These are les damnés de la terre, the masses left behind by a Revolution that worked but did not fix everything. IT could NOT fix everything. AYITI has been at the avant-garde. On a fast track. Manmade and natural disasters. During the last two centuries, the former Pearl of the Antilles has remained at the forefront of economic, political and social mechanics and machinations ushering in dystopic futurity. This contradiction was captured by André Eugène in conversation with literature scholar Sibylle Fischer. Commenting on Atis Rezistans’ sculpture “Freedom!” Eugène said “Haitians fought for their freedom many years ago, but that’s not freedom if you don’t have anything, no food, no electricity, no books and can’t send your children to school. People in my country are fighting for this Fischer punctuated his point: “Freedom from slavery as just another monster, a monster that rose from the debris of the monstrous society that was defeated in That monster continues to morph, taking its shape from both external and internal pressures. Geopolitical out-maneuverings. Occupations. Dictatorships. More occupations disguised as humanitarian aid. Class War. Illegitimate elections. And the mortals continued to do things. Indeed, insofar as it has been dubbed prebendary, or predatory, the state treats the dead as they do the living, prompting a rallying cry: “nou se mo vivan!” In the aftermath of the January 12, 2010 earthquake: we are the living dead!

Installation view
Installation view of “PÒTOPRENS: The Urban Artists of Port-au-Prince,” Pioneer Works, Brooklyn, September 7 - November 11, 2018.Photo: Dan Bradica. Courtesy of Pioneer Works.

3/ Or are we? Are they the living dead? Is PÒTOPRENS not a visual requiem? Does pondering over Fred Moten’s question—“What is the relation between political despair and —allow us to resituate Haiti, with its longue durée of suffering, as a point of departure in explorations of radical Black diaspora traditions? Without simply reducing artistic expression to one’s conditions, how do we recognize and honor the verve? The will to live? The impulse to oppose? RESIST. Meanwhile, Jean-Claude Saintilus’ mo vivan, his spectral figures from the Grand Rue, continue to exist in liminality between life and death in a country many deem invivable. Unlivable. They have nothing to lose. “God Money… I’d rather die than give you control. Bow down before the one you serve, you’re going to get what you The longest neocolonial experiment in the West The people are in the midst of a rebellion at the time of this writing: #KoteKobPetwoKaribea. A hashtag campaign demanding accountability for state corruption developed into a series of mass protests culminating in what organizers called Operation Lockdown. The country was brought to a standstill in February There have been uprisings elsewhere: Brazil, Mexico, Pakistan, Turkey, Venezuela, South Africa, the United States. People are rebelling against BIG CAPITAL. In that regard, the first Black Republic is no exception. It is not lost on the poorest that they are structural casualties of a new gilded age typified by an ever-vaster gap between the wealthy and the rest that makes a mockery of the Gilded Age.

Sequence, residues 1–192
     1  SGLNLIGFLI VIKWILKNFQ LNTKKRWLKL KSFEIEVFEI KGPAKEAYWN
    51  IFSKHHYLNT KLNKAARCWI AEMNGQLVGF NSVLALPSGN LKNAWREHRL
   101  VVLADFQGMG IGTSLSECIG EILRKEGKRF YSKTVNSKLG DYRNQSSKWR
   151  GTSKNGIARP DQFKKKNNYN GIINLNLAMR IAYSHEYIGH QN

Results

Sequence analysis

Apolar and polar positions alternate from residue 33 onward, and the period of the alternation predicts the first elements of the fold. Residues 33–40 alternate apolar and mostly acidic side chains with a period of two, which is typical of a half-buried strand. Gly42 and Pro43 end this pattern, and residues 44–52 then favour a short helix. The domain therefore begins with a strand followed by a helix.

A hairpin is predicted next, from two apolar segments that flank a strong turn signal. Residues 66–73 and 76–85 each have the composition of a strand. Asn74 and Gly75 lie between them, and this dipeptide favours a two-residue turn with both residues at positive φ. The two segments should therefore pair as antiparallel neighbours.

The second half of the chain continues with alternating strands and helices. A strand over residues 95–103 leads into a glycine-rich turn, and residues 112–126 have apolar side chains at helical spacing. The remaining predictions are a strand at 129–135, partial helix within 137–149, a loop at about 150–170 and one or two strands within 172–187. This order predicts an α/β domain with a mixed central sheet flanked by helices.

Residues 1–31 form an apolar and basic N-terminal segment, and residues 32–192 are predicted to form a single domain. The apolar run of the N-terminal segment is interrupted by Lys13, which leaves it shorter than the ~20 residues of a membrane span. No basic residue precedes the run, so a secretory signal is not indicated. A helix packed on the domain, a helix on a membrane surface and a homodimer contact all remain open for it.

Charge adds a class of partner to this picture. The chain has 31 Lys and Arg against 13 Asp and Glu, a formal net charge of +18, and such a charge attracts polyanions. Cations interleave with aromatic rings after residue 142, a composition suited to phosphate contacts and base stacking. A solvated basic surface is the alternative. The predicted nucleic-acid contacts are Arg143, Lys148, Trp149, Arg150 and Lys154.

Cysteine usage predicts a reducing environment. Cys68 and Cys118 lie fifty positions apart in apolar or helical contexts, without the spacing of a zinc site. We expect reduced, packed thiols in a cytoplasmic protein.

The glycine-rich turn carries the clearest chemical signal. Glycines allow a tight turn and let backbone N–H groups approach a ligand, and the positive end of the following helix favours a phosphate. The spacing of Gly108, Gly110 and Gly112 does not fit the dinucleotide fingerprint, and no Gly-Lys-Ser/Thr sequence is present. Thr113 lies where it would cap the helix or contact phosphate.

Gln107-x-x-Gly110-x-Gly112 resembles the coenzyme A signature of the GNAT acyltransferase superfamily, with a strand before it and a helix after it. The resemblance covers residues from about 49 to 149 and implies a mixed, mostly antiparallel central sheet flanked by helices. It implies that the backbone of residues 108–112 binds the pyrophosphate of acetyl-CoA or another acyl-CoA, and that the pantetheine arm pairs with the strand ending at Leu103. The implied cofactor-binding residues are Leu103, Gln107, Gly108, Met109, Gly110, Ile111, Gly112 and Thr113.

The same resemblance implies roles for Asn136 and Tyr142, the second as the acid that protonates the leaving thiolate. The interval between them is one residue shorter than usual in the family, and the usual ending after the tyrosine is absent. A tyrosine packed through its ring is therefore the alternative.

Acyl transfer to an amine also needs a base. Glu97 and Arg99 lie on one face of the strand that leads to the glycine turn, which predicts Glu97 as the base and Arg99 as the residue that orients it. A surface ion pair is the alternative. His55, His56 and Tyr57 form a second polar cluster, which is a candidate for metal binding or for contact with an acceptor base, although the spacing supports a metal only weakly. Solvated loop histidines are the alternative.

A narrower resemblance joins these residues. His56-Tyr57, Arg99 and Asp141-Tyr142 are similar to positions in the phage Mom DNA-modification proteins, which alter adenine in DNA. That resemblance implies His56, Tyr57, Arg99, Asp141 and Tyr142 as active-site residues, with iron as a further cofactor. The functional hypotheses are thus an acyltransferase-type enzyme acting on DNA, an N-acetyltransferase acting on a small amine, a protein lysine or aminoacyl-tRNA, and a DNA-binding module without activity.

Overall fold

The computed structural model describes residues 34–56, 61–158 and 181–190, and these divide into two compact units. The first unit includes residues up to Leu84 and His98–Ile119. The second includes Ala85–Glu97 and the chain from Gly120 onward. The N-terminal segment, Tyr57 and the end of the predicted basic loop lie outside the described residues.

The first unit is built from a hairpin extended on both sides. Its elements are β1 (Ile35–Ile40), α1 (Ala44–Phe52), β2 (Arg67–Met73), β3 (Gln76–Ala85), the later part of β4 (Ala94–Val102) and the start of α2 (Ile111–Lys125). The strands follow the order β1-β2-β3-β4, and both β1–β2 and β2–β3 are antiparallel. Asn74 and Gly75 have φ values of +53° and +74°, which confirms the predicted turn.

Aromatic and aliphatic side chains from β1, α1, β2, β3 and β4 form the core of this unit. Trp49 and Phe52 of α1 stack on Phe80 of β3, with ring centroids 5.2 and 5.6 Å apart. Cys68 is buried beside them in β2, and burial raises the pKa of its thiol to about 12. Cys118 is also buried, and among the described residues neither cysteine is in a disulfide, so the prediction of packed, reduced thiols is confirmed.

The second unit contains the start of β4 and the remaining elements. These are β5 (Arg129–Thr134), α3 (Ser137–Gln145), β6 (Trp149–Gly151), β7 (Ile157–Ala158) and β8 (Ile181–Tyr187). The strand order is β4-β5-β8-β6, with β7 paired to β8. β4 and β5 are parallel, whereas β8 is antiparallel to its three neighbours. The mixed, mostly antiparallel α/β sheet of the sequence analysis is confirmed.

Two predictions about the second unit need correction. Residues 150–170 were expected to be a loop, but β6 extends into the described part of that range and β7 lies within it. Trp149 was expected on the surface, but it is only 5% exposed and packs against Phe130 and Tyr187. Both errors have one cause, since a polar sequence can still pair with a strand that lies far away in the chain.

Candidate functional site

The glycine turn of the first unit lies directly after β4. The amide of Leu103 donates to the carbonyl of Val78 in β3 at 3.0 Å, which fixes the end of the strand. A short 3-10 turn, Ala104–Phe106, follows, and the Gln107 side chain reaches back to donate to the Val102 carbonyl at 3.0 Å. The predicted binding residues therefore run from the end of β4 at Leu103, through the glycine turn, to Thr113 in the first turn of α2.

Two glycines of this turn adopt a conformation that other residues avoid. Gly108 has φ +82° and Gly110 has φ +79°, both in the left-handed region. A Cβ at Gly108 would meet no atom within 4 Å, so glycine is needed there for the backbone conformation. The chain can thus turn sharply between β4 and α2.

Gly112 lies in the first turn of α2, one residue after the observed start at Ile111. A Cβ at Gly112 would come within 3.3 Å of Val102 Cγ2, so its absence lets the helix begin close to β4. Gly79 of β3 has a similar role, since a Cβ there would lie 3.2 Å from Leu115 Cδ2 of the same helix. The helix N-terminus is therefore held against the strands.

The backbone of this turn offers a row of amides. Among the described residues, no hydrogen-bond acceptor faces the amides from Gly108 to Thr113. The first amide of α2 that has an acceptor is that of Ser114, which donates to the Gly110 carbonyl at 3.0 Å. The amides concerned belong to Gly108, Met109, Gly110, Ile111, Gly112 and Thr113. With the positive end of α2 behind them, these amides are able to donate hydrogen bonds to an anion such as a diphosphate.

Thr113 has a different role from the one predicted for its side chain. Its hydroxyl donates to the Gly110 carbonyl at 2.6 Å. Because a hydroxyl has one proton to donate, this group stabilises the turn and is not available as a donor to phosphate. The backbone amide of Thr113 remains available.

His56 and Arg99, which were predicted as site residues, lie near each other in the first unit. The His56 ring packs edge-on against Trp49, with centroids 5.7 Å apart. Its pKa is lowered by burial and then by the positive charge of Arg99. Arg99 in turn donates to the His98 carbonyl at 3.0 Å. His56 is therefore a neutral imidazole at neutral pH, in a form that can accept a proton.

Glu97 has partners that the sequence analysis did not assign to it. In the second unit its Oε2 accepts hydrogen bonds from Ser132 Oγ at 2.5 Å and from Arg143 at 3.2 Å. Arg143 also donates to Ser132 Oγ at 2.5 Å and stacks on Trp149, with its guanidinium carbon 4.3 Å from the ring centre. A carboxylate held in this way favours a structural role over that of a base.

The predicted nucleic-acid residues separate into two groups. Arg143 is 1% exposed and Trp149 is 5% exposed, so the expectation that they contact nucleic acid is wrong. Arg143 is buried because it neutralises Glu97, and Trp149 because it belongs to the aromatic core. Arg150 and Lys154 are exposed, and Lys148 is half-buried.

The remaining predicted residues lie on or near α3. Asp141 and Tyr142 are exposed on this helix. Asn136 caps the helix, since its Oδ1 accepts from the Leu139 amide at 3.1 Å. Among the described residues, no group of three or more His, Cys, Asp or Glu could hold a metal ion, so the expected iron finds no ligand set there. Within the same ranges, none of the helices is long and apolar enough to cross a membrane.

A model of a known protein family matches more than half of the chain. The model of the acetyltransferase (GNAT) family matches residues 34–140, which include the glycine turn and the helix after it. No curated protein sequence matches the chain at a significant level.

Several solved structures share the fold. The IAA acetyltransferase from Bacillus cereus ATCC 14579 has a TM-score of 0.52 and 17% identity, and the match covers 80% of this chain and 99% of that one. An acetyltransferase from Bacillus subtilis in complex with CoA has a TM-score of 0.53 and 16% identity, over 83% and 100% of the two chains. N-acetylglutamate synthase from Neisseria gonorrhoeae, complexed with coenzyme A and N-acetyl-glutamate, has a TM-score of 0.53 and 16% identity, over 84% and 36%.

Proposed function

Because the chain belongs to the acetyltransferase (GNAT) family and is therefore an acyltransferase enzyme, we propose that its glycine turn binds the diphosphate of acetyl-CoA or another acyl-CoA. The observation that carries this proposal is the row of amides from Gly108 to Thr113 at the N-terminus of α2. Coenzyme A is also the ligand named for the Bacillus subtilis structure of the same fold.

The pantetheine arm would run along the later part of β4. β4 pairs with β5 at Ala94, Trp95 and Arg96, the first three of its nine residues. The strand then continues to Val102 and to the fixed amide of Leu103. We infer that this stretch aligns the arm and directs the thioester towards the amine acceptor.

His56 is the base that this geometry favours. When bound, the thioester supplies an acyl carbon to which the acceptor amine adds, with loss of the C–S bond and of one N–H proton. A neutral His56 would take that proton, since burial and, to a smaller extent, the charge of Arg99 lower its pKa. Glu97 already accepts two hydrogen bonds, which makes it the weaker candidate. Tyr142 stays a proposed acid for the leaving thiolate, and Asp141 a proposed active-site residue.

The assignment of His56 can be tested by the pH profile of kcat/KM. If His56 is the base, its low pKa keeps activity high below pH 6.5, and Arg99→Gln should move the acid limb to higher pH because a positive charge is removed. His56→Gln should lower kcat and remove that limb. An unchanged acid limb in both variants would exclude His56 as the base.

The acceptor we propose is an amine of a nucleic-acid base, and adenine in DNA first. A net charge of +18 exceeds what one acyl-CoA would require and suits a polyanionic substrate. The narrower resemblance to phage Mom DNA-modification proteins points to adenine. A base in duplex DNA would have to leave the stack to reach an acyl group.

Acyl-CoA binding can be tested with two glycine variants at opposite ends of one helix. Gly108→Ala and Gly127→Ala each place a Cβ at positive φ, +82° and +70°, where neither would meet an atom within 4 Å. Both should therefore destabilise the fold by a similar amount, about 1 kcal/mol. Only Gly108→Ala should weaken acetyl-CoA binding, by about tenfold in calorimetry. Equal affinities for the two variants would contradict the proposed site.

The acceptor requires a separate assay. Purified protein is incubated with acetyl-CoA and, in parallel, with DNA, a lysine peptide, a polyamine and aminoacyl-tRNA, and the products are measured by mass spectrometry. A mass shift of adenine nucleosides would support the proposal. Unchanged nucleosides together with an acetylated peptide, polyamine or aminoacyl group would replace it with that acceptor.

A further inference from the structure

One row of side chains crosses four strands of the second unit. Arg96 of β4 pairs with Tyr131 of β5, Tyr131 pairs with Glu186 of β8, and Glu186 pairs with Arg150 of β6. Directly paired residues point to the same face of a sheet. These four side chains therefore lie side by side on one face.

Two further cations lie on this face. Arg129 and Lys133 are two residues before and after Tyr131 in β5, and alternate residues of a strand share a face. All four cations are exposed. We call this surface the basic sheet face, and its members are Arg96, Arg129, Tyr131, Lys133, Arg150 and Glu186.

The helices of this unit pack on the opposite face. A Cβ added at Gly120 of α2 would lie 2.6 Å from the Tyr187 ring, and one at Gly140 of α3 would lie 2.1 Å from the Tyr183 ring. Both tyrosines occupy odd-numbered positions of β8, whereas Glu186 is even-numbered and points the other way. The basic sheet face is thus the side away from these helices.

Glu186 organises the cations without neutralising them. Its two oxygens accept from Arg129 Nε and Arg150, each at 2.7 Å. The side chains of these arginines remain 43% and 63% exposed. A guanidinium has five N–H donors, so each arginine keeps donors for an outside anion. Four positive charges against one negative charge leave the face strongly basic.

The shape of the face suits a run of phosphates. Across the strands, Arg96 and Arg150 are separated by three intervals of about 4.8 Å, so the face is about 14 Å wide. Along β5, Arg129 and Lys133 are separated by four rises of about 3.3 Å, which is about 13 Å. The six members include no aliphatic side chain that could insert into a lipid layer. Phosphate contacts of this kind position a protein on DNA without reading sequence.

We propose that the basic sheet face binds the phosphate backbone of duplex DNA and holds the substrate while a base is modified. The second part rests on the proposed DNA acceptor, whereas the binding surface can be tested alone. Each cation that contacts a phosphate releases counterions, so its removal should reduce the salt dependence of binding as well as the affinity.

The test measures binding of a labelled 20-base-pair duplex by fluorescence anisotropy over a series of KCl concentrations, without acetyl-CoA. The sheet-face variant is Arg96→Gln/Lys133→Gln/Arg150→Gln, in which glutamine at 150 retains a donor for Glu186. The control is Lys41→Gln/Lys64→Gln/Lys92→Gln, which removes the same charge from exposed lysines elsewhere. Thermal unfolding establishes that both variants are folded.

This inequality, for those among us who inherited sacrifice, is not new. Being cheap labor demands an embrace of precarity as daily practice. Yet, in this land every breath still offers promise. Who gets to breathe? Who is suffocating because they must hide? Who is safe to walk alone? Who must walk together to survive? Manbo Madame Jacqueline told me, “When you do a rasanblaj, you have to gather EVERYTHING.” Nothing gets left behind. Needing to discern creative survival from artistic production, we struggle to make sense of what fuels expression, because the western modernist frame relies upon a racialized taxonomy that requires Black art to answer to Europe in order to be perceived as ART. U.S.-born artist Kerry James Marshall whose work sits in at the crossroads of the Black Atlantic espouses the notion of a “black aesthetics,” which he describes as “an atmosphere, a tone, a ‘vibe’… (I)t is glamorous and impoverished, structured and improvisational, naïve and sophisticated, brash and abject. Its first principle is a desire for self- A desire to be SEEN and understood NOT as Other but as self. Nuanced. It is in this discursive and embodied Black diasporic landscape, a space of self-referentiality formed against the translucent shadow of global anti-blackness that we find the tenets of rasanblaj. Imperatives. Ancestral. Liberation. Agony. Love. Defeat. Regeneration. Vibrations. This “vibratory art,” as Patricia Donatien calls it, stems from Yoruba heritage that survived the Middle